Interview with Stephanie Rose Wood - In Love, Light and Truth

Interview with Stephanie Rose Wood - In Love, Light and Truth
Since when and how did you develop an interest in spiritualism?

Spiritualism appeared in my periphery in a peculiar way a few years ago. It began with a leaflet through my door at a time when I was considering the relationship between photography and performance. The leaflet advertised the work of a spiritual healer who could “solve all problems, money problems, health problems, jealous lovers, mischievous children…”. These advertisements were quite common in London - where I was living at the time. I called the number on the leaflet and, unsurprisingly, was met with a negative response to my quite naive question about taking his portrait. I put this idea to the side until I came across a book called The Perfect Medium: Photography and The Occult. This took me down a wormhole of research. I emerged a few weeks later having discovered Spiritualism and with ideas about the relationship between the parallel histories of photography and the religion. By this point, I had a fairly good understanding of the history of spiritualism and how it began, but little knowledge about contemporary Spiritualism. This is when I decided to go to a Spiritualist church to find out more. It turned out there were quite a few not too far from where I lived. I chose to go to Edmonton Spiritualist Church, which was down a dead end road on the outskirts of London.

How did you feel/what went through your mind when you first entered the church of spiritualism?

My first experience completely convinced me that there was no way I could make work about this community. I attended something called an open circle, which is where people can learn about how to make contact with the Spirit World through meditation. The two hours I spent in a pitch black room with ten people whom I had never met, left me feeling pretty spooked. Up until this experience, I had considered myself a fairly rational individual… Again, the idea was dismissed out of slight fear. However, it wouldn’t leave me alone and would rear its head at strange times. My everyday conversations were being dominated by the supernatural and my dreams were inundated with the otherworldly. Eventually, and with a little encouragement, I made a call to Sylvia, the medium who had run the open circle I had attended. Sylvia agreed to meet with me, and although was a little skeptical at first, she became a pillar of knowledge throughout the entire project.

Have you had any type of encounters with spirits while photographing or otherwise?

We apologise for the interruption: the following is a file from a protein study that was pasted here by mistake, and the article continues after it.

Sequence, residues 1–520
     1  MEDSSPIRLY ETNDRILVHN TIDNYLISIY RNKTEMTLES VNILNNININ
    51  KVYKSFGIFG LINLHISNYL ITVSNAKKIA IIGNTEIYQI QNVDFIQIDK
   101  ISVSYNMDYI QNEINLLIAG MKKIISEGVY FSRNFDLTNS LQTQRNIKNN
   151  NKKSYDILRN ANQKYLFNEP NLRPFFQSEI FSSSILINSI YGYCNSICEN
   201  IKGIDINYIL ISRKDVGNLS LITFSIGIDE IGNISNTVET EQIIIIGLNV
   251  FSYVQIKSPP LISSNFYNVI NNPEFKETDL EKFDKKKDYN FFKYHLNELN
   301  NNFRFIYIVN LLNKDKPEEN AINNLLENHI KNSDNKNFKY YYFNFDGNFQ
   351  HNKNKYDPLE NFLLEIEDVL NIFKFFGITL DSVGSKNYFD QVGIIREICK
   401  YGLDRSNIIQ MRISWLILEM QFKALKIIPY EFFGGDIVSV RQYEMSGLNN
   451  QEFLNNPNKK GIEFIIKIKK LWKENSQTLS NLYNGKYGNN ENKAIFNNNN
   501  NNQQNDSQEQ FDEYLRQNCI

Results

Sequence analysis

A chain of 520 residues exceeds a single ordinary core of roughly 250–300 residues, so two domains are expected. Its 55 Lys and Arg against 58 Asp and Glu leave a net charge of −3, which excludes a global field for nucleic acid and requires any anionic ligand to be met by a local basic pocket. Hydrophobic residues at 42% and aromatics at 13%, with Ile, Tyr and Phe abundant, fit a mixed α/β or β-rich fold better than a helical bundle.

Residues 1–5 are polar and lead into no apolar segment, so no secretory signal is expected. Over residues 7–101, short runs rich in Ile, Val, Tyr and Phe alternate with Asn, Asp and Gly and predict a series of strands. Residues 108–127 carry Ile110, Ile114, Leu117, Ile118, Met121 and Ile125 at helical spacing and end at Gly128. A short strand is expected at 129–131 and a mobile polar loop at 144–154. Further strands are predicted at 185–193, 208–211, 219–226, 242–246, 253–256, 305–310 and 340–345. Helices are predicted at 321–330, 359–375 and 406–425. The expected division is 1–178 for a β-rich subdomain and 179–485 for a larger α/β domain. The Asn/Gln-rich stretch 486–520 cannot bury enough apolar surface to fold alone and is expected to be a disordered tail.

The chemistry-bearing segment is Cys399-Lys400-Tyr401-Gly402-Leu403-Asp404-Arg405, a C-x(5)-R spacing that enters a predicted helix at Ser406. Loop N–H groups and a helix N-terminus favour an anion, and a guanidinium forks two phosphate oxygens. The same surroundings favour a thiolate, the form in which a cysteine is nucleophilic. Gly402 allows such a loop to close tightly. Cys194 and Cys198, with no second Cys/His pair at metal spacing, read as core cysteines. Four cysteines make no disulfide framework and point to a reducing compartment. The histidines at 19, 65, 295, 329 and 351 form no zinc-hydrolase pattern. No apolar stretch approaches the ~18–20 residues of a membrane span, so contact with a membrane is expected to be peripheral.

I think that most people have a ghost story to tell. The story acts as their piece of evidence that there could be something that lies beyond our immediate perception. This work encourages people to tell these stories, but I’m not concerned with proving or disproving the existence of spirits.

Are you looking into practicing the religion of spiritualism / and or documenting it any further?

Spiritualism is a subject matter which encourages much inquisitiveness and upon my response to the question, ‘what are you working on at the moment?’, I’m usually asked the same follow up questions; ‘have you been converted?’ or, and I think more interestingly; ‘what do you believe?’ This is a question that I have asked myself throughout the making of this work- although it was never my intention to address it and nor was it my motivation. The question still confronted me on each day that I spent taking pictures, interviewing people, and on the many times when neither of these things happened, and I was just drinking tea, eating biscuits and having a chat. I wouldn’t say that I am a practicing Spiritualist. Whether or not I believe, it is a question that has been left unanswered.

I plan to continue with this work in Australia. My practice is firmly research led, which is the stage I’m in at the moment. I’m considering different ways of telling the next chapter in the story. I would like to use a number of different platforms and find new ways to encourage viewers to participate and engage with the subject matter on a first-hand basis, rather than just through the experience as I have documented it. This is why there is a participatory aspect to the exhibition. A medium will be hosting an ‘open circle’ within the exhibition space. This is an opportunity for participants to learn the processes of harnessing their own psychic powers and meeting their spirit guides through meditation. One’s feelings toward life and death are intrinsically personal and through a more interactive mode of storytelling, I hope to allow for such a space where they can be explored.

The psychology of belief in the supernatural will continue to fuel the kind of work that I make- those intangible and uncanny aspects of human existence, which arise from unexplainable almost invisible experiences.

Interview by Izz Baumann.

Displaced - Dates and Times

2nd May 2018 - 12th May 2018
Closing Event - May 11th 6pm-8pm (RSVP HERE)

Wednesday - Friday 11:00am - 5:00pm
Saturday - 11:00am - 3:00pm